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#PBSNeedsIndies Catches Fire

Kartemquin FilmsHundreds of documentary filmmakers have signed on to the open letter to PBS that Kartemquin Films posted only a week ago.  Among the signatories: Barbara Kopple, Bill Moyers, Alex Gibney, Michael Moore, Joan Churchill, Jennifer Fox, Chuck Workman and other major award-winners. (Signatures still are being accepted.) Filmmakers are, in the technical language that IndieWIRE employed, pissed. Read more...

Pull Focus: Heather Courtney

Heather Courtney is a filmmaker and cinematographer based in Austin, Texas. She has produced several films for PBS, including "Letters from the Other Side", which premiered at the Slamdance Film Festival in January 2006 and screened at the South by Southwest International Film Festival (SXSW), as well as other film festivals. Heather also organized over 20 grassroots screenings with churches, schools, and community centers all over Texas. In Fall 2006, LETTERS was broadcast on over 60 PBS stations across the country.

Her previous film, "Los Trabajadores/The Workers", won the Audience Award at SXSW in 2001 and an International Documentary Association award, and was broadcast nationally on the PBS series Independent Lens.

In her most recent film, "Where Soldiers Come From", Heather returned to her hometown in northern Michigan to follow the lives of a group of 20-year-old friends before, during and after their National Guard deployment to Afghanistan. The 2012 Independent Spirit awards recognized "Where Soldiers Come From" with the "Truer than Fiction" honor.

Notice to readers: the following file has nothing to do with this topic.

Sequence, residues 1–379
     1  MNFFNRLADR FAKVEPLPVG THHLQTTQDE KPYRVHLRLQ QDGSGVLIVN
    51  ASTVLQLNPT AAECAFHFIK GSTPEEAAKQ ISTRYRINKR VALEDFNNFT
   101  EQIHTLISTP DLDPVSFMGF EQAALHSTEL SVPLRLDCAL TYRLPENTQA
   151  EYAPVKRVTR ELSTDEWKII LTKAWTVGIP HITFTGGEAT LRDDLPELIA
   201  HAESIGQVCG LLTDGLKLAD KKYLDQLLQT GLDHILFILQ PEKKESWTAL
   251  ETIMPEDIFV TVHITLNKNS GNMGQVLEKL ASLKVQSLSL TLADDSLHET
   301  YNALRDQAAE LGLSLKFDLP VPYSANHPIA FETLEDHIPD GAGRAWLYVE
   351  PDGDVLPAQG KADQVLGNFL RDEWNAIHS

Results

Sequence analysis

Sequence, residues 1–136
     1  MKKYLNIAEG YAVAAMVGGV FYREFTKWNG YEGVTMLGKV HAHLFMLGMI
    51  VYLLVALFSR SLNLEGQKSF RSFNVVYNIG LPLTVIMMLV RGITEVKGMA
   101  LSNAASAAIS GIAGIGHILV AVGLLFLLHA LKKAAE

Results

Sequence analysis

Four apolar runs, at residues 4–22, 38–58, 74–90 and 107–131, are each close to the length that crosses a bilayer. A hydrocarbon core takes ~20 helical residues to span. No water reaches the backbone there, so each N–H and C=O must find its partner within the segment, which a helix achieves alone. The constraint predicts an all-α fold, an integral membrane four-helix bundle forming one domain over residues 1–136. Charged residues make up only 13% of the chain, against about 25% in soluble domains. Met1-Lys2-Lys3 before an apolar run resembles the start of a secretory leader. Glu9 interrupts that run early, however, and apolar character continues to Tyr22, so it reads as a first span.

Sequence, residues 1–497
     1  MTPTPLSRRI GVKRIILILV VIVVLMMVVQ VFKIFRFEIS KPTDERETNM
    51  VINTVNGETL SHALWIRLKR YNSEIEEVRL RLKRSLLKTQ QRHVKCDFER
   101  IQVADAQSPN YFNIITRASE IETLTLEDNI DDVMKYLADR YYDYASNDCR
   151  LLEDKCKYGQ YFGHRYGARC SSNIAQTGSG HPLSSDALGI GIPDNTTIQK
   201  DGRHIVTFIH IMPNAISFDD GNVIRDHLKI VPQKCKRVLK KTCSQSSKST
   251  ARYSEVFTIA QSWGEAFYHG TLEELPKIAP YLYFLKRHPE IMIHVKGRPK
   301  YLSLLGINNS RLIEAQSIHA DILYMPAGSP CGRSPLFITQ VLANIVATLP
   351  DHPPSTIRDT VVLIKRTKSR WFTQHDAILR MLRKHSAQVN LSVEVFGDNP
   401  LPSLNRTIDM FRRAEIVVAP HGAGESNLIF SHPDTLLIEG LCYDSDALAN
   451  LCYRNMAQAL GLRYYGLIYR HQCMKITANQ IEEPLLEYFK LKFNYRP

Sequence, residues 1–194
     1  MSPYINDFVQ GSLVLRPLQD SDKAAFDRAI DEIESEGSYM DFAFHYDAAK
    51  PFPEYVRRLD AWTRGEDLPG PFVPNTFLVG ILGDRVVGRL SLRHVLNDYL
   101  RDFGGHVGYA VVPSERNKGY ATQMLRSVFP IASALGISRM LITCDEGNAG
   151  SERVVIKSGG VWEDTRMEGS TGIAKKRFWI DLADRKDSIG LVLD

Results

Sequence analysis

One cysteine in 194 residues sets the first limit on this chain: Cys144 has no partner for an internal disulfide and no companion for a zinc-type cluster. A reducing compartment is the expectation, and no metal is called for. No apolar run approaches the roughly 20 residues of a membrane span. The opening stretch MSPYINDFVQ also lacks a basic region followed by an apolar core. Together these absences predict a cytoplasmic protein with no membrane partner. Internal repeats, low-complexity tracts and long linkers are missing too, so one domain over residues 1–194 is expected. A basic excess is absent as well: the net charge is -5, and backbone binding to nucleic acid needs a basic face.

(Photo and Biography adapted from New Day Films)

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Antiques or Independents? Why it Matters Where PBS Puts Independent Lens and POV

ITVSPBS, the biggest of the programming services for public TV, has reschedPOVuled two programs that showcase independent producers’ work from across the nationIndependent Lens and POV. The results could put the future of those programs at risk, because of declining viewership. Read more...

The American Revolution: A conversation with filmmaker, Bill Lichtenstein

Bill Lichtenstein interviewing WBCN's Charles Laquidara for film,  Photo credit: Jay Rooney

WBCN brought humanity to the airwaves; a new rhythm to life; a cast of characters we loved and identified with (Charles, Sam, Tommy, Jim, Bill, JJ, Mississippi, Al...); music which evolved as the world changed; real news reflecting real happenings, without the taint of corporate America (thanks to Danny Schechter); and a sense of community that brought several generations together. We lived and loved well, and through it all was WBCN. I think we all need to reconnect with those values and realize how important WBCN was to us, and to the community.”

Dan Beach (kickstarter supporter and WBCN listener)Read more...

Pull Focus: Suzan Beraza


Founder of Reel Thing, Suzan Beraza's films have appeared on national public television in the United States, and at many festivals, winning top awards at Worldfest, Montreal Film Festival, and Mountainfilm in Telluride, among others. Previous films include Life's A Beach, American Outrage, Blue Planet Run, Water, A Clear Solution and Troubled Waters: The Dilemma of Dams.

Beraza's latest film, "Bag It," follows “everyman” Jeb Berrier as he tries to make sense of our dependence on plastic bags. Although his quest starts out small, Jeb soon learns that the problem extends past landfills to oceans, rivers and ultimately human health. The average American uses about 500 plastic bags each year, for about twelve minutes each. This single-use mentality has led to the formation of a floating island of plastic debris in the Pacific Ocean more than twice the size of Texas. The film explores these issues and identifies how our daily reliance on plastic threatens not only waterways and marine life, but human health, too. Two of the most common plastic additives are endocrine disruptors, which have been shown to link to cancer, diabetes, autism, attention deficit disorder, obesity and infertility.

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